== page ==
For his first London exhibition since the acclaimed ‘Disarm’ in 2013, Pedro Reyes returns with a fictional, pan-historical museum of sculpture, or a glyptotek, from the ancient Greek term for a cache of classic statuary. As well as a meditation on art history, these works explore both figurative and abstract approaches to sculpture, through materials including volcanic stone, marble, bronze and steel and through series such as The Protesters, of which the artist has stated: Read more
“Most statues commemorate an historical event, or the life of an influential person… Given the current political climate, I envisioned the anonymous protester as the incarnation of a contemporary hero, taking to the streets as an act of resistance.”
Among the images of revolt is the sculptural duo of Versus Machina (all works 2017-18), in which a female figure impales a robot with a spear, perhaps echoing the pose of St George vanquishing a dragon or antiquity’s dynamic ensemble of Laocoön and his sons. This vision of humanity fighting a machine is connected to a course Reyes taught at MIT, entitled The Reverse Engineering of Warfare: Challenging Techno-optimism and Reimagining the Defence Sector, in which he criticised the systemic belief that all problems can be solved with technology. Cast in bronze from a concrete original, Versus Machina also bears the scars of real damage, incurred during Mexico’s earthquake of September 2017, for which Reyes returned to his architectural training to help a rapid response team of 100 architects shoring up buildings under the banner of ReConstruir México.
A number of stacked towers and interlocking sculptures continue Reyes’s use of totemic forms, exploring not only geometry and abstraction, but also the legacy of Modernism, in works such as El quinto sol [The Fifth Sun]. These are complemented or contrasted with bust-like lava stone carvings influenced by pre-Columbian forms, Olmec heads and post-revolutionary Mexican statues, distilled down to works such as Calavera [Skull], and Encounter. Two other works, Seer, and Jaguar, are sculptural representations of synaesthesia: an eye emerging out of a mouth, and its opposite, a tongue emerging out of an eye.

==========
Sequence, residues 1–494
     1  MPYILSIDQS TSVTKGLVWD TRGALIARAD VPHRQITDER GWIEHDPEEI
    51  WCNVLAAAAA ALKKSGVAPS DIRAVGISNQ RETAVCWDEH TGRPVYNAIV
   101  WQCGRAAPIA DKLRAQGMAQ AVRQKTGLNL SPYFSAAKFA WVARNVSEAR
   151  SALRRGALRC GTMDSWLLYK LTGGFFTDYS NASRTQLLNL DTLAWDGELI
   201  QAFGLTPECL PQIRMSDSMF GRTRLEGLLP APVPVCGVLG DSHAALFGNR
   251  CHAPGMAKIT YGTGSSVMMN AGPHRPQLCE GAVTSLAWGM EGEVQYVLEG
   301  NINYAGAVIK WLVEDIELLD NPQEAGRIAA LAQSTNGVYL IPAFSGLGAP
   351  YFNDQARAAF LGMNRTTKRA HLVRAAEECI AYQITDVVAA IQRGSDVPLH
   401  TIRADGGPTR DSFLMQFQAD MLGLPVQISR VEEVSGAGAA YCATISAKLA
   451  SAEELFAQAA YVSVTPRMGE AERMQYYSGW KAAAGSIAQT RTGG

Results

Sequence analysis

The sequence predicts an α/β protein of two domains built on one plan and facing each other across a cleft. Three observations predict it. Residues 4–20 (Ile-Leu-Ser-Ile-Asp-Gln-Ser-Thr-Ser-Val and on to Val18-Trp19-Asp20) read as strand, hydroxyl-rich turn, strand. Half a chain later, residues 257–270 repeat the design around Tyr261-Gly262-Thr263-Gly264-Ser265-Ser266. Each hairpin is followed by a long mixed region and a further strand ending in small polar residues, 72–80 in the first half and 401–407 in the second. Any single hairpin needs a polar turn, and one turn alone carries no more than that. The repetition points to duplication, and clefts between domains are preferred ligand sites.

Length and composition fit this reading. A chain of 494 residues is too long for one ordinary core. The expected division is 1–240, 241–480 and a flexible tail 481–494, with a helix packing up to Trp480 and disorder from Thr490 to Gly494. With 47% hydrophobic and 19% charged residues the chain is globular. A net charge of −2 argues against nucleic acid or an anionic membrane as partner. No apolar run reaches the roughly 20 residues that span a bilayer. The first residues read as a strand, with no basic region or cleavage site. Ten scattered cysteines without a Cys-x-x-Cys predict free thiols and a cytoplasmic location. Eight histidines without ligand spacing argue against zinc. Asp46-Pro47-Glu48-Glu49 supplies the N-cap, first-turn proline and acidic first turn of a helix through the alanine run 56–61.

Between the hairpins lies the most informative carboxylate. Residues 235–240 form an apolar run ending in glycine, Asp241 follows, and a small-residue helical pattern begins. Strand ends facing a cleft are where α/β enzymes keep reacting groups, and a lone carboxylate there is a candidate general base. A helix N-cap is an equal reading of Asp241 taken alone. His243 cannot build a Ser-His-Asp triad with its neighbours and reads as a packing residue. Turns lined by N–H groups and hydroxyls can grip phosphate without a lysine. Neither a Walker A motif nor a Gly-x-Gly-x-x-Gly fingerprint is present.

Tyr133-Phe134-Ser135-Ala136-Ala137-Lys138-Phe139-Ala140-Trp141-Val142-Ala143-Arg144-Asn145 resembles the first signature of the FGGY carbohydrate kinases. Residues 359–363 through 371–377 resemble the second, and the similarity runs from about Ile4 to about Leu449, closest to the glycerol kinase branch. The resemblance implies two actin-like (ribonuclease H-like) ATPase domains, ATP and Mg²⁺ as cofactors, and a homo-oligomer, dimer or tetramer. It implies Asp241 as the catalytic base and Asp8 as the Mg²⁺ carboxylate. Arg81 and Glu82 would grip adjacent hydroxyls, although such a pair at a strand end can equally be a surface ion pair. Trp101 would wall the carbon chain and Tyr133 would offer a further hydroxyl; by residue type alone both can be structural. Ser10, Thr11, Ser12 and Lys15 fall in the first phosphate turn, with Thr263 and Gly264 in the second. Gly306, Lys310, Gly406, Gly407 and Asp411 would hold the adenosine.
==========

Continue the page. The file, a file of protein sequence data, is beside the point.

Finally, this sculptural gathering is foregrounded by a series of friezes running behind; three-dimensional wall reliefs that act as a coda to many of Reyes’s current concerns. Along this polyphonic array are a babble of speech bubbles (relating to a suite of social sculptures entitled Colloquium); a computer keyboard and a man on a bicycle that recalls pictograms from the 1968 Mexico Olympics, as well as an on-going project in which Reyes travels around on a pedal-powered food cart promoting an insect-based source of protein. This show, presented in an accompanying booklet, includes not only the objects needed to populate an encyclopaedic ‘Glyptotek’, but an array of symbols and glyphs that constitute part of Reyes’s rich and ever-growing iconography, which has itself been surveyed in a new book ‘Ad Usum/To Be Used’, published by Harvard University Press.